Battling Prejudice

They invited me to their house-warming party, though I’d never met them. They aren’t even married.

Loud rock music greeted me before I entered the garden. Other guests clustered around beer cans. The hostess was smoking, her bare arms boasting brazen tattoos. She introduced me to her partner – equally tattooed, equally smoking. In his free time he’s a DJ at a seedy nightclub. He was offering guests Red Bulls with vodka. I helped myself to tiramisu and found a seat. At the end of the table sat a person of undefined gender, equipped with a massive German Shepherd dog. A seven-year-old girl with a coy look revealed her underwear as she pranced around and fluttered seductive eyelashes at the menfolk.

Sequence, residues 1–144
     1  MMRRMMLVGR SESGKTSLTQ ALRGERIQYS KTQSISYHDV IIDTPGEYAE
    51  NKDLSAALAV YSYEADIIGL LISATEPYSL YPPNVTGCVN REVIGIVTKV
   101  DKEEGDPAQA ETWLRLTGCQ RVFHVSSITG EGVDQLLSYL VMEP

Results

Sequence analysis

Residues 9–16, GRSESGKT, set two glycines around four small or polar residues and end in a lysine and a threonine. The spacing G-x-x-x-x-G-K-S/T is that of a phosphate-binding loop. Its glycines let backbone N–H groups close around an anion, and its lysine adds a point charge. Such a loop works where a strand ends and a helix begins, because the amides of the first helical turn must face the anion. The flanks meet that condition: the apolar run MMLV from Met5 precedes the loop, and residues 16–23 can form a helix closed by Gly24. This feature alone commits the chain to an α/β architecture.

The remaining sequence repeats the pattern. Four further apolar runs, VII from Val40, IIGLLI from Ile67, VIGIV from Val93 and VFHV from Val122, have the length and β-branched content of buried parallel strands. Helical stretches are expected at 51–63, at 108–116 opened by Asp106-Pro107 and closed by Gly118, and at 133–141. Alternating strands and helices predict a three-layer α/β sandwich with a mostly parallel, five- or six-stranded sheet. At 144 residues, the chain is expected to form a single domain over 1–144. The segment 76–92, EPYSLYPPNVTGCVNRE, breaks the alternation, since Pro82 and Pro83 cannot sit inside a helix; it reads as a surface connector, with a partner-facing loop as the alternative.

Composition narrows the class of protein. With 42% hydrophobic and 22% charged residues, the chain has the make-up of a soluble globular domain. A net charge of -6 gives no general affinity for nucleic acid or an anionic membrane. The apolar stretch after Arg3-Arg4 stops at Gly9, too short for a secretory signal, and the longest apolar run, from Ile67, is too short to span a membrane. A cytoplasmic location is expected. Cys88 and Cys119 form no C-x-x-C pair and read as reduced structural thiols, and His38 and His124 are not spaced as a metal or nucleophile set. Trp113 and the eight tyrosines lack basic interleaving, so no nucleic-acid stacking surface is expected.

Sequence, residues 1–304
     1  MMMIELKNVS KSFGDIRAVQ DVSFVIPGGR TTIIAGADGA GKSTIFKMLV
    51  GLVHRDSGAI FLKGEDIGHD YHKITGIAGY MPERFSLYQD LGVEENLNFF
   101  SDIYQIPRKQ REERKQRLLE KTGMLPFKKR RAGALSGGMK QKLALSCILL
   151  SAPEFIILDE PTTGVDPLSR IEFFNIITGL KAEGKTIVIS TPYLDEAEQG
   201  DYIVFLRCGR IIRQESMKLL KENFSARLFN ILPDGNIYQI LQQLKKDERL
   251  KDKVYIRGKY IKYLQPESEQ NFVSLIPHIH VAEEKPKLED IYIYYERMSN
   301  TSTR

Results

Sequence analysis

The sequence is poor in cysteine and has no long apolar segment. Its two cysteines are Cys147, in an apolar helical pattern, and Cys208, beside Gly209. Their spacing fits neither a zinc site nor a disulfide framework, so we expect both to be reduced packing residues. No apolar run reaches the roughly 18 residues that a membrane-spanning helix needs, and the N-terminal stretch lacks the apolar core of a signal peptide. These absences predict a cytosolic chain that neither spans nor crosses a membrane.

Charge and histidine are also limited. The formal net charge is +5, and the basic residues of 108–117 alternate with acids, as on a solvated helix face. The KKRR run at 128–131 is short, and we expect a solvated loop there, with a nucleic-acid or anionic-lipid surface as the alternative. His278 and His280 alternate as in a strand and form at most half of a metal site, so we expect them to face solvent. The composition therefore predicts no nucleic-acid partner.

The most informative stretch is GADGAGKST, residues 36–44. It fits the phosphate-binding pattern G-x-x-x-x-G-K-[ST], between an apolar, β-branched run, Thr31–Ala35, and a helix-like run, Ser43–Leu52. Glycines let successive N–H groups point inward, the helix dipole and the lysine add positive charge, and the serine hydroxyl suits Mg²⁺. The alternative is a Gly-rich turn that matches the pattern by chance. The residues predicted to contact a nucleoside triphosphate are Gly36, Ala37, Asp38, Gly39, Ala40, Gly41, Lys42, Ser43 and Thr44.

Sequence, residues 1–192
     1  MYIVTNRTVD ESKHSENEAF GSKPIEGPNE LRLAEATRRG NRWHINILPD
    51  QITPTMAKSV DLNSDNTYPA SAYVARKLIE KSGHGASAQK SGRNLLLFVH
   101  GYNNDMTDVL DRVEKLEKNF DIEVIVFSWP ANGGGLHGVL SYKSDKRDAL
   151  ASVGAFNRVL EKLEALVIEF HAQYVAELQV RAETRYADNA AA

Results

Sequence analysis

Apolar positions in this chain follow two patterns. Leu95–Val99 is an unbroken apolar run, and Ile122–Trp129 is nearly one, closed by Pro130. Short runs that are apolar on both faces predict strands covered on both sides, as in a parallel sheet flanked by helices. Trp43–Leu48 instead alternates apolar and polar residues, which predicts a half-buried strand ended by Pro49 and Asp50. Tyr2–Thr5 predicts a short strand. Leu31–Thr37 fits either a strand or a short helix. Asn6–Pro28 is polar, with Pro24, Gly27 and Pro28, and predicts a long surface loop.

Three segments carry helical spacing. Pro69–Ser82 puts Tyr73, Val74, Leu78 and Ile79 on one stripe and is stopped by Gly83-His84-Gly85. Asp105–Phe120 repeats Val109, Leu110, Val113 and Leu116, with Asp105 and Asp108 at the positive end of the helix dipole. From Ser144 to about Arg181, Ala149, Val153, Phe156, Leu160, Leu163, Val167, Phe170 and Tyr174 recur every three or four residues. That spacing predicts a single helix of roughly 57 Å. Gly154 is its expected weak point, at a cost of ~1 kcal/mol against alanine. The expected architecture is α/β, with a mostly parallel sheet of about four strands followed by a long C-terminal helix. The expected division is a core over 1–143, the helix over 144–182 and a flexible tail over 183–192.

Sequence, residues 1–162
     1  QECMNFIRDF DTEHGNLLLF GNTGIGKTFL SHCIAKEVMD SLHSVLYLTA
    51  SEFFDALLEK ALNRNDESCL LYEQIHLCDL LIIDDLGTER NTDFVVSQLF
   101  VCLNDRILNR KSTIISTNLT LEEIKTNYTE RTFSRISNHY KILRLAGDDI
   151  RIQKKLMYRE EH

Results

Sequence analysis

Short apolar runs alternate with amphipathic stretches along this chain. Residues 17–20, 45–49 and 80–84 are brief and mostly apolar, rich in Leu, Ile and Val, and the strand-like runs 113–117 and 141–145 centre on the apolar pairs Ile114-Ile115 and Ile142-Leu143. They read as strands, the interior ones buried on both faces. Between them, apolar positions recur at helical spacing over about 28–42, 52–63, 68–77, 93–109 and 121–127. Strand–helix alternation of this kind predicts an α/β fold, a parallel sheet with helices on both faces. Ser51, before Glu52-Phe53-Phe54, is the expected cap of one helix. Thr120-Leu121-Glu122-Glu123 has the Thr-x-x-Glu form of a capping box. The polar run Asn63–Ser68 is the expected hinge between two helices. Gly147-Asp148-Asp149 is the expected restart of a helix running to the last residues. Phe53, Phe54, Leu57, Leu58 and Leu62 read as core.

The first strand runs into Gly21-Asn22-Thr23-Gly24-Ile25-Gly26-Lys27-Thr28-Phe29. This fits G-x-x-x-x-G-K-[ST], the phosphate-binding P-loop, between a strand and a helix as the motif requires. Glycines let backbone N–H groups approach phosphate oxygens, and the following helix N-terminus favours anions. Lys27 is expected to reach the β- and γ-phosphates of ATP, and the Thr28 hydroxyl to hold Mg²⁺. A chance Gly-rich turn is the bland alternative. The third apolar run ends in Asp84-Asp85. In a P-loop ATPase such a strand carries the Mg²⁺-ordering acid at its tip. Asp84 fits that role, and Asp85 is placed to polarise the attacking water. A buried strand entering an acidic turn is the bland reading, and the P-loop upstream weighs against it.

Everything contravened the norms and values I had deliberately adopted as a young man. Revulsion mushroomed in my heart. But I’m no longer young. In the meantime I’ve learned a thing or two. I’ve grown. I’ve experienced tolerance, sympathy, kindness, generosity, love. I want to love people, even people whose race, religion or lifestyle differs from mine. Yet deep in my soul the distinctive features of that crowd screamed at my conscience.

How can I leap over my own shadow? Am I willing to? How can I love such people whose very being grates against all the attitudes I adopted in my youth?

One comment

  1. It’s hard to change for everyone. I suspect by spending time, by accepting their invitation, you surprised them and that is a step towards ‘acceptance’ on each side. Though like you, I’d have been worried about the seductive behaviour of a child, there is so much more for a child to do and to learn at that age.

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